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Out with High-Seas Driftnets

Out with High-Seas Driftnets

New Russian ban on destructive fishing practice in high-seas rewards years of activism.

Following Russia’s announcement this summer of a ban on deep sea driftnet fishing, our Russian Far East partners in Kamchatka are celebrating victory in a hard-fought battle to stop the destructive practice. WSC’s longtime partner Sergei Vakhrin and his regional NGO, Saving Salmon Together, have rallied local businesses, communities, and regional government officials over nearly a decade to halt indiscriminate driftnetting far from shore.

The ban, if enforced properly, promises to help salmon-dependent communities and local fishermen in Kamchatka by allowing salmon populations to escape capture at sea and return to near shore waters and rivers.

On July 1, Russian President Vladimir Putin signed a new federal ban on driftnets in Russian waters—within 200 miles of its coast. The ban will take effect in January.

The use of driftnets is banned worldwide on the high seas and in the EEZs of all other North Pacific fishing nations.

Known as “walls of death” in the international conservation community, deep-sea driftnets are typically 100 feet in height, run up to 18 miles long and indiscriminately drown sea mammals, turtles and birds in the process of ensnaring fish. One organization estimated that these sorts of driftnets kill 140,000 seabirds a year in the Russian Far East.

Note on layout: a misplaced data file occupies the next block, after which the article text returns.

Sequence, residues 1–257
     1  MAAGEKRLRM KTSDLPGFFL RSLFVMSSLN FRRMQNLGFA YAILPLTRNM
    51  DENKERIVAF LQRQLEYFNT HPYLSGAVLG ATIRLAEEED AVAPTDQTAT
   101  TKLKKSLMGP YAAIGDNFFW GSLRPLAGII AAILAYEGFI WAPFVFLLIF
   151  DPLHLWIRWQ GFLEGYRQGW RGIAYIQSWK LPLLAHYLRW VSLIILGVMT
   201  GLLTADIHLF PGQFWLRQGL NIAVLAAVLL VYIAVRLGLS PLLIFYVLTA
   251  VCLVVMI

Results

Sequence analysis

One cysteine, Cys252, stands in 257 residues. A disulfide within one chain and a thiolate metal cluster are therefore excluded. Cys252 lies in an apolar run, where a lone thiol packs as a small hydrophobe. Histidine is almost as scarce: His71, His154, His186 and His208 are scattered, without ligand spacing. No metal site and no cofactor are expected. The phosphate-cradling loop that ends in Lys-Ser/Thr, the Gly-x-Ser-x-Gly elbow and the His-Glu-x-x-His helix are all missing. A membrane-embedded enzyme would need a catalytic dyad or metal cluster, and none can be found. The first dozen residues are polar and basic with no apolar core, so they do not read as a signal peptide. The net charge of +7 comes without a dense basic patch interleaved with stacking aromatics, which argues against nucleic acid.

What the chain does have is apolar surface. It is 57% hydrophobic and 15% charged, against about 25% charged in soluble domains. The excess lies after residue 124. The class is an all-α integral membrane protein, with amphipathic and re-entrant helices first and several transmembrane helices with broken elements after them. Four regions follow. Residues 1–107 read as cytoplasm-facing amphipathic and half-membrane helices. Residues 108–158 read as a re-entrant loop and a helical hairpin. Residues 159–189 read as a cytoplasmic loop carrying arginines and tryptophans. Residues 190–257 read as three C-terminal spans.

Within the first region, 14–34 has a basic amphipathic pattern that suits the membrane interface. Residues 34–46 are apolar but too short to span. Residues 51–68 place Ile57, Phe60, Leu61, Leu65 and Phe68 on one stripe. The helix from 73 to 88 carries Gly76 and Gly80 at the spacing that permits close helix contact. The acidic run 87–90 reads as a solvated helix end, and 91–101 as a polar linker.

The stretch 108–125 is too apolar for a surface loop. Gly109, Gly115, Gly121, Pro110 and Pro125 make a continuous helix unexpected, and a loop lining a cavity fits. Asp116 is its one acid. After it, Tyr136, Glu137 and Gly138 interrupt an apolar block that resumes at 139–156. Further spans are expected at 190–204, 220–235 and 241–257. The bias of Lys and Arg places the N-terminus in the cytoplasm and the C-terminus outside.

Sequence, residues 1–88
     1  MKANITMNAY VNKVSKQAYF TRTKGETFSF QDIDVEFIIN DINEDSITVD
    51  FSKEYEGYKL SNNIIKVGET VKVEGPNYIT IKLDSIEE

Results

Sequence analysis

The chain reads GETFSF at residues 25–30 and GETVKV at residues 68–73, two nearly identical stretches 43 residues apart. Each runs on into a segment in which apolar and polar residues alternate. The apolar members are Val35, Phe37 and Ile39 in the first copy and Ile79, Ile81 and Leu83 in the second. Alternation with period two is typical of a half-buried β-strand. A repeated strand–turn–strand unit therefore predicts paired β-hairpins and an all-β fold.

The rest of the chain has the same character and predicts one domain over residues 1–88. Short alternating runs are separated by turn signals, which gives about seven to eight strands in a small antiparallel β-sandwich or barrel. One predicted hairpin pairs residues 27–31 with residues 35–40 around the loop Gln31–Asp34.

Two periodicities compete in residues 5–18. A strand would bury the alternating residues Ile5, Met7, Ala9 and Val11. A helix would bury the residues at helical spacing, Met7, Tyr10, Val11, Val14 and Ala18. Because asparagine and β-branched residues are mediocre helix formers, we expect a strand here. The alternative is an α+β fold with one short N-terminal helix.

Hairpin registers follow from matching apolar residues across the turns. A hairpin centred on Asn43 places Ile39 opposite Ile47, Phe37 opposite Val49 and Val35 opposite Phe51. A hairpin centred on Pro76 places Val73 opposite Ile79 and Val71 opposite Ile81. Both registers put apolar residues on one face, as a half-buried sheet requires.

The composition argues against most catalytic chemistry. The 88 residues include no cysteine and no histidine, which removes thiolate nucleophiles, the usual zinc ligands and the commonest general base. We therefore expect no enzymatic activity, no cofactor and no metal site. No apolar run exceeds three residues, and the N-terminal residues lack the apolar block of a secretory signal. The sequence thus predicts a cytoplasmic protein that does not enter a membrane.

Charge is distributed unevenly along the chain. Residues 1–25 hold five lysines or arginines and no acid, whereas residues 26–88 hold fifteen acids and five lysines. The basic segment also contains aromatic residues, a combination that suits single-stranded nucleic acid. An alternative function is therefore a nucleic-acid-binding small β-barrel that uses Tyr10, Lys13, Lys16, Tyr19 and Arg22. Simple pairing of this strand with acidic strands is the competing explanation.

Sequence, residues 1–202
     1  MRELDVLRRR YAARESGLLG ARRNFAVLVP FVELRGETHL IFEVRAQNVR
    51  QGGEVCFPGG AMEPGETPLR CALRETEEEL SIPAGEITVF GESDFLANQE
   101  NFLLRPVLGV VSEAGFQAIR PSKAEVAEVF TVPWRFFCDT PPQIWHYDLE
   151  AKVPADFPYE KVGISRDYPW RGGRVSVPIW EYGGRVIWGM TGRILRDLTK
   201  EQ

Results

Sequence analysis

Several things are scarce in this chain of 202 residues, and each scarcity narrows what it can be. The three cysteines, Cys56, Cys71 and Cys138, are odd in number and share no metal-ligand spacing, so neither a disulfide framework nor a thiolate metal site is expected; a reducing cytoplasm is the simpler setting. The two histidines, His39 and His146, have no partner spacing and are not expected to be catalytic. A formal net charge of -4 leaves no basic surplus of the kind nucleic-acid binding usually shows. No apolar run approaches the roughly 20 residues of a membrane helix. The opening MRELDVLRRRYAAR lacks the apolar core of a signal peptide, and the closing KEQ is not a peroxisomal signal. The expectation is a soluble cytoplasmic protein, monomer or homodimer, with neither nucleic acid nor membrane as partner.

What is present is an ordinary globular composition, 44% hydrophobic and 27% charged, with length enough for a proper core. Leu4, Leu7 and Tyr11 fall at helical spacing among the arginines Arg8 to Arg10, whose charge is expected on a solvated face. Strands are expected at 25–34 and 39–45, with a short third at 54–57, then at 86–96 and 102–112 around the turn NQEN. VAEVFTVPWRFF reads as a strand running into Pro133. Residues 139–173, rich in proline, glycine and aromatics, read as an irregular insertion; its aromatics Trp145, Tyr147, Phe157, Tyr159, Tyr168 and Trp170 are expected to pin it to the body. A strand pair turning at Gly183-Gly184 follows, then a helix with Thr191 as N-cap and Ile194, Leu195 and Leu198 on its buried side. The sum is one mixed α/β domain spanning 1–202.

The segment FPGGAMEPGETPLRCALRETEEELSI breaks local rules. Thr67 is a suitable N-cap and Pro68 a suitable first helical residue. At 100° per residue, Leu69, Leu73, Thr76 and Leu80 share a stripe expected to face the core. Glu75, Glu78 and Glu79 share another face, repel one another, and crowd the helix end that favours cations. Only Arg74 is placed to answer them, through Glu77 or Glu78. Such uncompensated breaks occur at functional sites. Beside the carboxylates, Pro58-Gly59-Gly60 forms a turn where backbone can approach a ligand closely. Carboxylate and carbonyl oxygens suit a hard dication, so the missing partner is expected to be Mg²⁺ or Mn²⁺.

The issue has been raised many times on Kamchatka, and through the years Sergei Vakhrin has also organized Kamchatka communities to petition the office of the President. In 2007, Vakhrin began to organize a nationwide campaign against driftnetting with World Wildlife Fund support, collecting signatures from Russians across the country while organizing public hearings with local public councils in Kamchatka, and speaking to the Federation Council (Russia’s upper house of parliament) on driftnets in Moscow in the spring of 2013.

With overwhelming support from both Russian houses of parliament, and with the weight of federal enforcement behind the new ban, it has a chance to succeed where other agreements have failed in the past.

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